The SCHIP program continues to grow and is still evolving; state approaches are being modified and expanded as states gain experience and knowledge. As of August 1, 2000, 31 states have received approval for 52 program amendments, and 11 states have amendments pending. Since their initial implementation, 21 states have amended their state plans to expand eligibility, either by raising eligibility thresholds within existing SCHIP programs (13 states) or by establishing new S-SCHIP programs (8 states). Appendix A summarizes amendments approved as of August 1, 2000.
As the program approached its three-year anniversary, states and the Congress raised concerns about the significant portion of the FFY 1998 SCHIP allotment that remained unspent.
Only 45 percent of the FFY 1998 allotment had been spent as of June 30, 2000. This could potentially leave $1.9 billion of the FFY 1998 allotments to be reallocated to states that have been able to spend their full FFY 1998 allotment. 1In addition, the five territories utilize Title XXI funds to extend their Medicaid programs. The territories’ SCHIP programs are not discussed in this report and will be evaluated separately.
State Program Namea M-SCHIP S-SCHIP Alabama COMBO Medicaid Expansion/ALL Kids February 1998 October 1998 Alaska M-SCHIP Denali KidCare March 1999 - Arizona S-SCHIP KidsCare - Novermber 1998 Arkansas M-SCHIP Arkansas Medicaid Program October 1998 - California COMBO Medi-Cal for Children/Healthy Families Program March 1998 July 1998 Colorado S-SCHIP Child Health Plan Plus (CHP+) - April 1998 Connecticut COMBO Husky October 1997 July 1998 Delaware S-SCHIP Delaware Healthy Children Program - February 1999 District of Columbia M-SCHIP DC Healthy Families October 1998 - Floridab COMBO Medicaid for Teens/Healthy Kids April 1998 April 1998 Georgia S-SCHIP PeachCare for Kids - January 1999 Hawaii M-SCHIP Hawaii Title XXI Program July 2000 - Idaho M-SCHIP Idaho Children's Health Insurance Program October 1997 - Illinois COMBO KidCare Assist Expansion/KidCare Share/KidCare Premium January 1998 October 1998 Indiana COMBO Hoosier Healthwise June 1997 January 2000 Iowa COMBO Medicaid/HAWK-I July 1998 January 1999 Kansas S-SCHIP HealthWave - January 1999 Kentucky COMBO KCHIP July 1998 November 1999 Louisiana M-SCHIP LaCHIP November 1998 - Maine COMBO Medicaid Expansion/Cub Care July 1998 August 1998 Marylandc M-SCHIP Maryland's Children's Health Program July 1998 - Massachusettsd COMBO MassHealth/Family Assistance October 1997 August 1998 Michigan COMBO Healthy Kids/MIChild April 1998 May 1998 Minnesota M-SCHIP Minnesota Medical Assistance Program September 1998 - Mississippi COMBO Mississippi Health Benefits Program July 1998 January 2000 Missouri M-SCHIP MC+ for Kids July 1998 - Montana S-SCHIP Children's Health Insurance Plan - January 1999 Nebraska M-SCHIP Kids Connection July 1998 - Nevada S-SCHIP Nevada Check-Up - October 1998 New Hampshire COMBO Healthy Kids May 1998 January 1999 New Jersey COMBO NJ KidCare February 1998 March 1998 New Mexico M-SCHIP State Children's Health Insurance Program March 1999 - New York COMBO Medicaid/Child Health Plus (CHPlus) January 1999 April 1998 North Carolina S-SCHIP NC Health Choice for Children - October 1998 North Dakota COMBO Healthy Steps October 1998 October 1999 Ohio M-SCHIP Healthy Start January 1998 - Oklahoma M-SCHIP SoonerCare December 1997 - Oregon S-SCHIP CHIP - July 1998 Pennsylvania S-SCHIP CHIP - May 1998 Rhode Island M-SCHIP RIte Care October 1997 - TABLE 1 Type of SCHIP Program Date Enrollment Began PROGRAMS FUNDED THROUGH TITLE XXI, AS OF MARCH 31, 2000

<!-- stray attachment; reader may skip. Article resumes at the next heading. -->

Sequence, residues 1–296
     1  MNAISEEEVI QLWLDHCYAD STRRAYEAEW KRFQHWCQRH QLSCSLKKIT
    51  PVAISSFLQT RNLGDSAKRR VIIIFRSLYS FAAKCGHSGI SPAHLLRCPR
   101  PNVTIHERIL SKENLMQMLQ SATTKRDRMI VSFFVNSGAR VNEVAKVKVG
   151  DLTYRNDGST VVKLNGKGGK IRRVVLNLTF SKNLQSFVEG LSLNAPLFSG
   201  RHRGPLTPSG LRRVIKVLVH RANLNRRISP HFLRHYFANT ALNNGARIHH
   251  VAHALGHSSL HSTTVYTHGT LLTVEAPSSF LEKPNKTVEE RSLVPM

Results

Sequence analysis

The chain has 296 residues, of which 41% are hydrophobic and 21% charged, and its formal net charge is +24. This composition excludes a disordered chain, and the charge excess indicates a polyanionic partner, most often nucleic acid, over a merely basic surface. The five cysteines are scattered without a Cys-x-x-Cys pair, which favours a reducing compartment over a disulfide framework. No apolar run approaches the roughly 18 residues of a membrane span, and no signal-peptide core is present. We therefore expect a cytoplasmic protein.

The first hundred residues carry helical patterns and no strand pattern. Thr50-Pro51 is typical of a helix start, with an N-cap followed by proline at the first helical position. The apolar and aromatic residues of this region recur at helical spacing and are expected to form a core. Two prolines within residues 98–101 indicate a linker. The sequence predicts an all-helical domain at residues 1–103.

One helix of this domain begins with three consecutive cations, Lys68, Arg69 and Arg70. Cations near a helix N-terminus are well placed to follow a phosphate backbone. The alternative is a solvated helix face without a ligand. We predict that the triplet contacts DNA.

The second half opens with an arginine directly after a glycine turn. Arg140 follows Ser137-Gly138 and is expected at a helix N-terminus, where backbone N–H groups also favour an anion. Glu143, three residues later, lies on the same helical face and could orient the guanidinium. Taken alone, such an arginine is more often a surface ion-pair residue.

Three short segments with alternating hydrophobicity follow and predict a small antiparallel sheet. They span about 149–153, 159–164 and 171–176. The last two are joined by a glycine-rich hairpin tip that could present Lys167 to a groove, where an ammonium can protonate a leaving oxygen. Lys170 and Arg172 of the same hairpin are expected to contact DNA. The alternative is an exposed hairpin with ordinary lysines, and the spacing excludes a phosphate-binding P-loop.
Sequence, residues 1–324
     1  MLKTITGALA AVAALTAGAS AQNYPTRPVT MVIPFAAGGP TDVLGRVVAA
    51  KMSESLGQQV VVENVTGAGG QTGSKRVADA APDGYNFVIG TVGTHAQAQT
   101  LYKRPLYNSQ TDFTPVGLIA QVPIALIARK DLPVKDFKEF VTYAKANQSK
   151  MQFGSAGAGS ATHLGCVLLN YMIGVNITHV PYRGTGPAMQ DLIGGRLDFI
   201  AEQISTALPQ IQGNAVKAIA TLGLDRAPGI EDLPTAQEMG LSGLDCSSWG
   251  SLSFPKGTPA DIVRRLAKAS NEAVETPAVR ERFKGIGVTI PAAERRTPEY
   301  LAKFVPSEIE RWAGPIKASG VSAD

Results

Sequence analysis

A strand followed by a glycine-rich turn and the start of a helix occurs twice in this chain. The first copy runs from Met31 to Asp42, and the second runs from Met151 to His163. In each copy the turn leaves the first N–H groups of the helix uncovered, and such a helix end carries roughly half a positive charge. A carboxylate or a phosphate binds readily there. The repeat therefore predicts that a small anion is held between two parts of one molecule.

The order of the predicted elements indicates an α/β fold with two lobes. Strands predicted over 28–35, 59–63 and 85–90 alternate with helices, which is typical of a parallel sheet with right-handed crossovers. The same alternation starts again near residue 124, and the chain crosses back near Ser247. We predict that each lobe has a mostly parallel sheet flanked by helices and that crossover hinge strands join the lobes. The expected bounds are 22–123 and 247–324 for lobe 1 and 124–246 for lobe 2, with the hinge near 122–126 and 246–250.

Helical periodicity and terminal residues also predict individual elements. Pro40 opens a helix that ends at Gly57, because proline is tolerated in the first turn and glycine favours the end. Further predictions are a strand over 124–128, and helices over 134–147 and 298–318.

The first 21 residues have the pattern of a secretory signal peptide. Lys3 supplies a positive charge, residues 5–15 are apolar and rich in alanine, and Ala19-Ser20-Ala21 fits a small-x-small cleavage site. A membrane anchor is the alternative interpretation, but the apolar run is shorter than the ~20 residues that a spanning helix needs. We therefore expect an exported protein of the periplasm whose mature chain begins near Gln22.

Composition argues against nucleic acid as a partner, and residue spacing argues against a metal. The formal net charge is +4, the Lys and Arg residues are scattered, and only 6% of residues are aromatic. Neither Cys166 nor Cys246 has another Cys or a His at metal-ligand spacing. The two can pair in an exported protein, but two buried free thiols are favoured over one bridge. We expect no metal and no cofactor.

TABLE 1 (continued) State Program Namea M-SCHIP S-SCHIP South Carolina M-SCHIP Partners for Healthy Children August 1997 - South Dakota M-SCHIP South Dakota's Health Insurance Program July 1998 - Tennessee M-SCHIP TennCare for Children October 1997 - Texase M-SCHIP Medicaid July 1998 - Utah S-SCHIP Utah CHIP - August 1998 Vermont S-SCHIP Dr. Dynasaur - October 1998 Virginia S-SCHIP Virginia's Children's Medical Insurance Plan - October 1998 Washington S-SCHIP Washington State CHIP - February 2000 West Virginiaf COMBO WV SCHIP July 1998 April 1999 Wisconsin M-SCHIP BadgerCare April 1999 - Wyoming S-SCHIP Wyoming Kid Care - December 1999 SOURCE: Title XXI State Evaluations, Section 2.1 of State Evaluation Framework.
M-SCHIP = State operates Medicaid expansion program S-SCHIP = State operates separate SCHIP program COMBO = State operates both an M-SCHIP and S-SCHIP program a When more than one name is noted, the first is that of the M-SCHIP program, and the rest are the names of S-SCHIP programs. d Massachusetts also uses Title XXI funds for its Common Health program. This program covers disabled children. Enrollment began on October 1, 1997. b Florida also uses Title XXI funds for its MediKids, CMS (Children's Medical Services), and BHSCN (Behavioral Network) programs. These programs cover children under age five, those with special health care needs, and those with serious behavioral health care needs, respectively.
Enrollment for these programs began on October 1, 1998. c On November 7, 2000, Maryland received approval for an S-SCHIP program; enrollment will begin July 1, 2001. Type of SCHIP Program Date Enrollment Began f As of October 13, 2000, West Virginia's SCHIP program was amended to incorporate the M-SCHIP component into the S-SCHIP component effectively eliminating the M- SCHIP program.